That biology class you slept through because you were going to be a writer anyway? Yeah…that was a bad decision if your goal was to be a fantasy or science fiction writer. One of the easiest mistakes fantasy and science fiction writers make is having plant and animal life mismatched to their ecological regions.
More often than not, it happens because the writer thinks their new creation would just be cool, and they don’t give a whole lot of thought to how that plant or animal would survive in its environment. Remember my story about setting my flourishing metropolis? People need water to survive. So do a fairly decent number of plants and animals. And those that don’t have made some sort of adaptation to make surviving with little accessible water possible. A prime real-world example of this is the cactus, which soaks up and stores water for drier periods. Can you imagine putting celery, a plant that thrives in moist conditions, in a desert? It would be dead in a matter of days.
This isn’t to say you can’t have a plant or animal in an ecological setting it normally wouldn’t survive in. But you do need to think about how this organism got into that setting, why it decided to adapt to that setting, and how it adapted to that setting. Also, you have to remember that these adaptations don’t often happen in a single generation. They happen gradually over the course of at least a few generations, depending on how major a change it is. It has to make sense within the context of your world’s ecology to make sense to the reader. (This is one of those sticky points that will ruin a reader’s suspension of disbelief.)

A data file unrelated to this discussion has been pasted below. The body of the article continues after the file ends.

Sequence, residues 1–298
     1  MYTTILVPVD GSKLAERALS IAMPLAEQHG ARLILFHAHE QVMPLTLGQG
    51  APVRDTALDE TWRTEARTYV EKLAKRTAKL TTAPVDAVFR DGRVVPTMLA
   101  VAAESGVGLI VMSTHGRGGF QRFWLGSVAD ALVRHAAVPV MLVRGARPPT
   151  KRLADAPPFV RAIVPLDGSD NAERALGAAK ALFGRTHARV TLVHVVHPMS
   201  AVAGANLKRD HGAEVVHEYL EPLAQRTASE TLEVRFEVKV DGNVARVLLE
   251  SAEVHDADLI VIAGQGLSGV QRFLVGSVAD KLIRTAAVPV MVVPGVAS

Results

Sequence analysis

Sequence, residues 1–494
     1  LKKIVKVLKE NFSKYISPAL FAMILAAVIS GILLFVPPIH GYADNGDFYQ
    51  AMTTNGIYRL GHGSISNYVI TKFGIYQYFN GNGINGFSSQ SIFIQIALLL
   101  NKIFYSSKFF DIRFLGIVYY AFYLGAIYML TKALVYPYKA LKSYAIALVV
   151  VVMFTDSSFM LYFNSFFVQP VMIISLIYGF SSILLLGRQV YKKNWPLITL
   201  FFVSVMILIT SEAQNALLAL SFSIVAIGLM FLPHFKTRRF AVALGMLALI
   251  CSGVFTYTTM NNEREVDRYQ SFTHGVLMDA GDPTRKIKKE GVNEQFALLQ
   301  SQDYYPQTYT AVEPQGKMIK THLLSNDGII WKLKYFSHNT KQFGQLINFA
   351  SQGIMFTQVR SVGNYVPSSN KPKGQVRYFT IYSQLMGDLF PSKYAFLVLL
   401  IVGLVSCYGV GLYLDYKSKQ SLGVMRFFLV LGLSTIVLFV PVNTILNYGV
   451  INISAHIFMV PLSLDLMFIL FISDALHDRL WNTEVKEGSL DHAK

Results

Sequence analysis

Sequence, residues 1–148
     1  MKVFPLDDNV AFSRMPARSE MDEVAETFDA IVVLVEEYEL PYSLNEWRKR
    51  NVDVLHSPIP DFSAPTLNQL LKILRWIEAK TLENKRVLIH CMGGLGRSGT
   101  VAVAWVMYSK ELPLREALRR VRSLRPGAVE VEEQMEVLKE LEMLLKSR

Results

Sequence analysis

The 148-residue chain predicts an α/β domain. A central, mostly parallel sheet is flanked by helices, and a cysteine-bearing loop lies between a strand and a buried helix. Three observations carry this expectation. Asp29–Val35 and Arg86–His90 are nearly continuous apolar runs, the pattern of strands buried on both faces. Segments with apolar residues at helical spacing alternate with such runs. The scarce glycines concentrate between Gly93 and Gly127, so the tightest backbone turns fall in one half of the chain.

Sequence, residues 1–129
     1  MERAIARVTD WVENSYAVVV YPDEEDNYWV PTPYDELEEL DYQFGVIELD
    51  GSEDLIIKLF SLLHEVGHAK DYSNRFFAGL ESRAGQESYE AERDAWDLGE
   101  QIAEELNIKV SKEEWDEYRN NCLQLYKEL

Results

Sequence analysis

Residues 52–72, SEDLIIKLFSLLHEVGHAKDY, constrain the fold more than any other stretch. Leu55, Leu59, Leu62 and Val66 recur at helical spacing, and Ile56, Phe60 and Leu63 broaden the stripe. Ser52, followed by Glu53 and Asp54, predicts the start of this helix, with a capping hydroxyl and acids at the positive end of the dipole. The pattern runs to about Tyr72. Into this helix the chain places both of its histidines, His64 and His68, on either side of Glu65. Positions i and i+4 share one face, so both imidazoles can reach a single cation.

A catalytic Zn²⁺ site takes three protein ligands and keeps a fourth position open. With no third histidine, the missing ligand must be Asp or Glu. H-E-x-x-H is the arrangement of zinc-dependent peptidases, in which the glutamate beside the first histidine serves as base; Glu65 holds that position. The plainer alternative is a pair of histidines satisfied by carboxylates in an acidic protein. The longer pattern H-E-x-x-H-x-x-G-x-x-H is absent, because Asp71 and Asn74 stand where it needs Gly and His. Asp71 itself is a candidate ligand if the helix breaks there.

As you’re developing the world your story takes place in, remember to think through placing plants and animals. The more logical your decisions are in your own mind (because you really don’t have to show it to readers unless you’re writing hard science fiction or giving behind-the-scenes interviews), the more believable it will be to your reader, and the less often you will shock the reader out of the story.